Yesterday I spent all day writing and sending my work off.  It was an admin day.  I felt absolutely swamped. I spoke to my really good friend for an hour - she timed it, and my sister for about the same time, who didn't. After what seemed like hours filling out and crafting forms for writing posts, the day had gone.

Today I could hardly get up and lethargy and sadness filled me from the inside out.  Woke up like it. Got up early made my husband's packed lunch in a zombie like state, so I hope he got something edible. Dragged myself into the shower and felt slightly better then thought I'd try out my new vacuum - lightweight - it said on the pack.  Oh no it isn't.  So an hour and a half later with one arm with muscles like Popeye I was still feeling low.

I phoned my friend Della to chat with her, she answered, "Margaret?" 
"Yes" I said. She slammed  the phone down.  Not as bad as you may think, she has been seriously ill for over two years and had countless operations, and sometimes she is not strong enough to talk. She usually says, not today, I'll ring you when I feel better. But this is the first time she'd ever done this.  But I understand.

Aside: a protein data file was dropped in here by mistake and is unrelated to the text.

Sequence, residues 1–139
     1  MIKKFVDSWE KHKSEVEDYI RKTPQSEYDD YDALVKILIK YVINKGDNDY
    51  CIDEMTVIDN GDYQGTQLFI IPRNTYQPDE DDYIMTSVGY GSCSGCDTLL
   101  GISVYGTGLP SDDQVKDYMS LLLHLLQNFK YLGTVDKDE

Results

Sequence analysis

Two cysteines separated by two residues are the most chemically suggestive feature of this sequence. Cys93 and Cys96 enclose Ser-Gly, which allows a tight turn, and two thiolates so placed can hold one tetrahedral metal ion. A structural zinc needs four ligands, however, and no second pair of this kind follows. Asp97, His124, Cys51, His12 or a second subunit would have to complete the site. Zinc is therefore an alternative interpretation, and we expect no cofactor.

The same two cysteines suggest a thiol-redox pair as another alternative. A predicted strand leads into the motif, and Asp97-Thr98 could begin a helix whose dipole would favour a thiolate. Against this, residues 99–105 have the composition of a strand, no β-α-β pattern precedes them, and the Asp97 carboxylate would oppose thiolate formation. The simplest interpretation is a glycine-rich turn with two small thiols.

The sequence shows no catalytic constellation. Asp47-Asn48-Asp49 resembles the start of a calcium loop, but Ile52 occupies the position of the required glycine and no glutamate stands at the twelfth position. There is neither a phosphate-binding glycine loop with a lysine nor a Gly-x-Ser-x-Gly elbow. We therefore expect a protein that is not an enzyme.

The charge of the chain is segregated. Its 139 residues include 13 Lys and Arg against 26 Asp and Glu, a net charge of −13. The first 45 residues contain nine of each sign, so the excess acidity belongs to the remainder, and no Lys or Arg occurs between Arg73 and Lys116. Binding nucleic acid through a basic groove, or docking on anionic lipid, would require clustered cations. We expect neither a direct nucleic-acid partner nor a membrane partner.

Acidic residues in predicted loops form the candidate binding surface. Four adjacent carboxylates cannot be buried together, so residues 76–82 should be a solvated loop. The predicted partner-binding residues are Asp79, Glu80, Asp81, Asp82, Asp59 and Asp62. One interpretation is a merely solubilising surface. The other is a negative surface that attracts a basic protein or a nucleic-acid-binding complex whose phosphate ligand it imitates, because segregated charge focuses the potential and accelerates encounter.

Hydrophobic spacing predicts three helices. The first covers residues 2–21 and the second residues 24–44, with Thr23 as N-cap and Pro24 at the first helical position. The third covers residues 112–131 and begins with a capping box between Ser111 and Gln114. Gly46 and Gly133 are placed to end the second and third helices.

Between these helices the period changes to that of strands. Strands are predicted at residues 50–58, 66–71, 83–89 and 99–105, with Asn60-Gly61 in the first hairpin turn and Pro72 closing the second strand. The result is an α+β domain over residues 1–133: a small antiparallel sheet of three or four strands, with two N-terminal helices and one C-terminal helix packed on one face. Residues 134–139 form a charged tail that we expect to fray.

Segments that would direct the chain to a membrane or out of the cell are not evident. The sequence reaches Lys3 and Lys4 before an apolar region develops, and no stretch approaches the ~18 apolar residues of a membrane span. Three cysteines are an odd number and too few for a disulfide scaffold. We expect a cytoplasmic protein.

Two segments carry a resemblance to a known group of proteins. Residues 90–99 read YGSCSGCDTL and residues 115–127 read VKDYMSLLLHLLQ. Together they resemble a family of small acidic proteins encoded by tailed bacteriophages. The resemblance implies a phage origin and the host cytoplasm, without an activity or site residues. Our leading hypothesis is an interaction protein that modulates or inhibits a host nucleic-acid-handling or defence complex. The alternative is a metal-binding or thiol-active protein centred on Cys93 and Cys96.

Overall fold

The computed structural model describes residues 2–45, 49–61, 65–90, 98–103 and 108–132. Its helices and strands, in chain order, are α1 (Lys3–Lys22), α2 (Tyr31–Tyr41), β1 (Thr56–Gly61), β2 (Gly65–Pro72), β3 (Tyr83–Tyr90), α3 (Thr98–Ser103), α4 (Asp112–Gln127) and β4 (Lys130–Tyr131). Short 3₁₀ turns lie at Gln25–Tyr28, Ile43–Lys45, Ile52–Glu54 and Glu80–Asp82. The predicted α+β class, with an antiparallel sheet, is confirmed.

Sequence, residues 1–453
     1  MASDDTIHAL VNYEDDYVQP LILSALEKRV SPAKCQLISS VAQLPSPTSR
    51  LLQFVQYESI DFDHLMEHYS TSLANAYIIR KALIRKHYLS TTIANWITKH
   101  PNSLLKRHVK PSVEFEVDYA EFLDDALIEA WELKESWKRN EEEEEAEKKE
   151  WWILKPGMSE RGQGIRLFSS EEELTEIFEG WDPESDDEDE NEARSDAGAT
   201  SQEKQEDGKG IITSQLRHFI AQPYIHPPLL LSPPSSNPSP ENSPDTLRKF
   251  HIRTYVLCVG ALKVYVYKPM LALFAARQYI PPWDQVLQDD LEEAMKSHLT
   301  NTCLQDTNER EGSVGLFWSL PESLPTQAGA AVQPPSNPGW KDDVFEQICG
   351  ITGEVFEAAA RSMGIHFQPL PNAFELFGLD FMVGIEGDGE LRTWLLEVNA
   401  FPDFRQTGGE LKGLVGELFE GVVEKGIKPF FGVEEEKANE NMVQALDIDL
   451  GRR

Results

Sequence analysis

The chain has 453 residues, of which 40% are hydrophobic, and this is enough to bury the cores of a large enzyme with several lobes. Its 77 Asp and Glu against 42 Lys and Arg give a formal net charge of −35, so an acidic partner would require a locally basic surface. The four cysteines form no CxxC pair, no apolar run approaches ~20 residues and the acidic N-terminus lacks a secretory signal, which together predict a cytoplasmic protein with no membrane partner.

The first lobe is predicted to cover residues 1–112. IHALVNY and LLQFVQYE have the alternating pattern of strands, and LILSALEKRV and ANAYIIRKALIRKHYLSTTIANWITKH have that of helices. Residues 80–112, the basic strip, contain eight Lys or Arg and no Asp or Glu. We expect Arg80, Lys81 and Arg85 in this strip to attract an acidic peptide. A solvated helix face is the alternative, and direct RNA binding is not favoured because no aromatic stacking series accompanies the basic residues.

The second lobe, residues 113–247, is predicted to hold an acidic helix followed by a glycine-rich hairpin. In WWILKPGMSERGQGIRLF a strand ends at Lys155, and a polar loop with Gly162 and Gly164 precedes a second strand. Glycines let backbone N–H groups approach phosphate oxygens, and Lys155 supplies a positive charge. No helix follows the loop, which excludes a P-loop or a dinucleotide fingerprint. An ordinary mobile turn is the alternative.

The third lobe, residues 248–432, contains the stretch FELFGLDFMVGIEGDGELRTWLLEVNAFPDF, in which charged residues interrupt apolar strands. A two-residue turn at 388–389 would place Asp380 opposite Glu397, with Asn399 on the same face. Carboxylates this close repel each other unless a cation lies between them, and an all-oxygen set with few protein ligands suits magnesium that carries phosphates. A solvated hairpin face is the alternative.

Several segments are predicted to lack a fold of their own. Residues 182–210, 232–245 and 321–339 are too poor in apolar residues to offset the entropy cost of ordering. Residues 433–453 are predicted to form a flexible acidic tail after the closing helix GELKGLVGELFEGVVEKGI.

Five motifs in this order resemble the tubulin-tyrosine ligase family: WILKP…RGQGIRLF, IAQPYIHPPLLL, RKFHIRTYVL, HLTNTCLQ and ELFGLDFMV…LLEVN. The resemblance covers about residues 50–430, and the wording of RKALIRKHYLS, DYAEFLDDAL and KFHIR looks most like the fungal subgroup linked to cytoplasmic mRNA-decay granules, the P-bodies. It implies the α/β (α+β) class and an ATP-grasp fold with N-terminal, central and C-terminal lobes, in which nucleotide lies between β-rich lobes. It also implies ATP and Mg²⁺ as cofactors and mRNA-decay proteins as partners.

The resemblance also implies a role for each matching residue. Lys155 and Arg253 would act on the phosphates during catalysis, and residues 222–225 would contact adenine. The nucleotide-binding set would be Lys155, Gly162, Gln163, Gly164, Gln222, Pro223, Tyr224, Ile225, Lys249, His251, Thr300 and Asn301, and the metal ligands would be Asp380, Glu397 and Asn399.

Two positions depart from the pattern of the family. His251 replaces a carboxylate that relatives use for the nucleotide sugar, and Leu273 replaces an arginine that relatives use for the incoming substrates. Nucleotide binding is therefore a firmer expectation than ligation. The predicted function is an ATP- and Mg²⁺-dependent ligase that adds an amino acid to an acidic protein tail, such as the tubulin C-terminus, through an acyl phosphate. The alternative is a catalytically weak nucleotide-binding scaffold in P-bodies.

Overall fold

Okay, I'll phone my friend Betty, she works Friday to Monday at a museum so should be off today, I rang her and exactly the same thing happened.  Okay, she's probably out and about and lost signal. I'll Facebook her. Except she isn't on my list of friends now.

Last time we spoke I was arranging for her to come for dinner. I don't understand.

I still feel ill and did the worst thing possible, looked up my symptoms on the net.
Now I feel worse.

Things have got to get better haven't they?  Haven't they?